MY DREAM FOR GIRL STARTER is to create a gigantic community of women (and men, because you can’t do it without men too!) who are starting their own businesses. I want to democratize access so that they can do that. I think that people have to see it to be it, and that’s why we’re trying to expose women to the idea that it’s alright to not be perfect, and not know all the answers. Men are taught to weather rejection, whereas women are taught to wait and be careful. What’s the worst that can happen if you put yourself out there? Someone says no? And then you can move on. It’s not life or death. I think that today’s schools are actually the worst at encouraging risk taking, because kids are expected to graduate with a perfect transcript, and we all know that we learn the most from our failures.

Jeannine wears the Cynthia dress.

STARTING GIRL STARTER WAS INCREDIBLY UNCOMFORTABLE. There was a point early on when we thought we had a financial commitment, and then it fell through. I suddenly realized, “Oh my God, I don’t have a corporation to back me. The money could disappear.” I wondered if it was even worth pursuing—or if I should just fold up my tent and go back to a cushy job with an expense account. I have to give credit to my husband, who said, “You’re already down the tunnel. What are you going to accomplish by turning around?” It was his encouragement that kept me going.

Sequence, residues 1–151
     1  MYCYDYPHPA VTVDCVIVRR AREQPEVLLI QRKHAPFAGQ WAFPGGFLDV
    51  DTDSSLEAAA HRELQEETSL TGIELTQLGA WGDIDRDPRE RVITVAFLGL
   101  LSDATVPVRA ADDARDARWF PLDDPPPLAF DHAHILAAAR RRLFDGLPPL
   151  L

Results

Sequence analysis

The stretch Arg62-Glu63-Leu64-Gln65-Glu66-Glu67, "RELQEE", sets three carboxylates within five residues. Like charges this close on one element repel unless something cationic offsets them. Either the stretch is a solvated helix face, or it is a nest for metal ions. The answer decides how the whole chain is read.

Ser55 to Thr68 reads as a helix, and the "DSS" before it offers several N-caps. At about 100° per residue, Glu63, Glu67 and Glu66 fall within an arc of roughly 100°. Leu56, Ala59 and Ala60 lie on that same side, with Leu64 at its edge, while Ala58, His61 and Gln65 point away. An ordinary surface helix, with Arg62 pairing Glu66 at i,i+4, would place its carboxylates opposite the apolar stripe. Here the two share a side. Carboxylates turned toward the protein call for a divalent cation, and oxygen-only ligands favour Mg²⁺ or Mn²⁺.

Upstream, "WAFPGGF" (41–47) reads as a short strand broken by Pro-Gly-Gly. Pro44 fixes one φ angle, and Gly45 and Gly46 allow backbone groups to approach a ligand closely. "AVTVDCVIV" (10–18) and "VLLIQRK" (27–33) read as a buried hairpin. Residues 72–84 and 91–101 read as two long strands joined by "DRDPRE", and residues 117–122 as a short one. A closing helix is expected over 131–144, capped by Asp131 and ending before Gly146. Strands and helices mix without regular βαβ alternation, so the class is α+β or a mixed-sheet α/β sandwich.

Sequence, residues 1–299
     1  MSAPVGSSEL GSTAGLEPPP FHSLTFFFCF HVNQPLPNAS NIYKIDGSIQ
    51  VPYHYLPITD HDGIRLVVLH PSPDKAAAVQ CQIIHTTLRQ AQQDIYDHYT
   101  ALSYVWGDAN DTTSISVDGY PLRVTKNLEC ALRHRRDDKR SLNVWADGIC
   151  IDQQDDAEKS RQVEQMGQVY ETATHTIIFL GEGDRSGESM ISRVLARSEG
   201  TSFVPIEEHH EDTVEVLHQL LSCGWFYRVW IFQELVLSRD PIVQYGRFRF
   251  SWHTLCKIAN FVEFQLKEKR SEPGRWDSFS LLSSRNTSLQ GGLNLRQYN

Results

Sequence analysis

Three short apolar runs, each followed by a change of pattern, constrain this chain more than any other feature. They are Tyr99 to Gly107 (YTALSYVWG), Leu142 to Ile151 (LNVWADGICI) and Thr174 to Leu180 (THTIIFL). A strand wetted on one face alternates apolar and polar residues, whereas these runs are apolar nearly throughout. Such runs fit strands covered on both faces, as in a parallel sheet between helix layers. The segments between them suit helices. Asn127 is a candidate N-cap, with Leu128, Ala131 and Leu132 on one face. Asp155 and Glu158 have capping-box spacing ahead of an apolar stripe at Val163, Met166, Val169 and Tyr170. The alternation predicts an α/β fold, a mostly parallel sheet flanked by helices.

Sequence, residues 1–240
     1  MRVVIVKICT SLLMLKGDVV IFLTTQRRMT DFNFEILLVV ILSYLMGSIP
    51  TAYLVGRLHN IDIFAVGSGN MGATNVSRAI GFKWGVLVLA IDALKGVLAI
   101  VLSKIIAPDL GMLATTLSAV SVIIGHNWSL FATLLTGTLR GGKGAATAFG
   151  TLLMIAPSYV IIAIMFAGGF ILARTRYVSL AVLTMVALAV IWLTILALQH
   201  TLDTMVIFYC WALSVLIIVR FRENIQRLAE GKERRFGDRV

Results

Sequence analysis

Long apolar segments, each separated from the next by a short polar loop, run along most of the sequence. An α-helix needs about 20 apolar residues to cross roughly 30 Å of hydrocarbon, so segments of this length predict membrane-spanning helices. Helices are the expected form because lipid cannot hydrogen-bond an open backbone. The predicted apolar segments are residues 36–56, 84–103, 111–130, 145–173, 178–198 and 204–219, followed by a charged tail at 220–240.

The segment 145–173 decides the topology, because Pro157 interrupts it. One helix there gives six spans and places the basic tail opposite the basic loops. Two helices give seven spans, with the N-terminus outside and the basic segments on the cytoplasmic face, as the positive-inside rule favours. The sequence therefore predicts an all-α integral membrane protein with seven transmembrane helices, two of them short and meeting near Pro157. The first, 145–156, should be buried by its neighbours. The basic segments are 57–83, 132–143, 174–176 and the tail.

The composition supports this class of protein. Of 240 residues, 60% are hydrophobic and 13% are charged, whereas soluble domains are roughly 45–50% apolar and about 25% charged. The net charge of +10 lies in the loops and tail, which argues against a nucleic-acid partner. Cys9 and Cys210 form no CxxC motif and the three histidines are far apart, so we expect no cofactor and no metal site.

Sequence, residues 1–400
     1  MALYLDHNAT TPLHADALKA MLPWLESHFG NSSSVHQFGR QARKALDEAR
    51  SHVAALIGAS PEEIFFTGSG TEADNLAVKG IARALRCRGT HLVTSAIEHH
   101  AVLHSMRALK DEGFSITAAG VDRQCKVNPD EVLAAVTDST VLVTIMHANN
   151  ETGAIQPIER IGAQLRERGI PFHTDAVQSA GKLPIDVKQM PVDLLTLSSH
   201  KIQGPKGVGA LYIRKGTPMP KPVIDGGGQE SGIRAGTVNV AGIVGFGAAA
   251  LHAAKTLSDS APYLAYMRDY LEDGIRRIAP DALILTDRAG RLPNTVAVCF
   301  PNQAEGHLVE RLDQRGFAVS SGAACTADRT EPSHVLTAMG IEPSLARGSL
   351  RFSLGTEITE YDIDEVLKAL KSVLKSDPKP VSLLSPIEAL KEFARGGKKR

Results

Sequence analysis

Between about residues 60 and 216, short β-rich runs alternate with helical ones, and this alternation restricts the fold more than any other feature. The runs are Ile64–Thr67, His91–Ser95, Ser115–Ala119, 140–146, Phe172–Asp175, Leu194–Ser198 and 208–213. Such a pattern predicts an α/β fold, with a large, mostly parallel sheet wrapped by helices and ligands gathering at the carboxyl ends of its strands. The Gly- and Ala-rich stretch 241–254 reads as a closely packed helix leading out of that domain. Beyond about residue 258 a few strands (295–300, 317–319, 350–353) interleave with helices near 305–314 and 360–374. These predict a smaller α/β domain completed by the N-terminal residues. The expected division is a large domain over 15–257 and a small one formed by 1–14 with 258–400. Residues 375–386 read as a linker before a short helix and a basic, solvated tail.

IN MY PAST LIFE, when I was at Meredith, my dry-cleaning bills were terrible. Everything I wore was silk and linen. Now I’m much more casual. I still want great style, but I don’t want to spend as much money on clothes. Like a typical New Yorker, I love a great shift dress. I love one piece that I can put on and not have to think about it. I have fantastic shoes that I love, but I used to use them much more, when I was in meetings and conference rooms all day. Unfortunately, they’re hard to walk around in, so I have to carry them in my bag most of the time.

Photographs by Maria Karas.

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Charlotte Cowles is a New York-based writer​ ​and editor.​ ​Her work has been published in New York Magazine,​ Harper's Bazaar,​ and Art in America. She'd always rather be at book club. Read more of Charlotte's posts.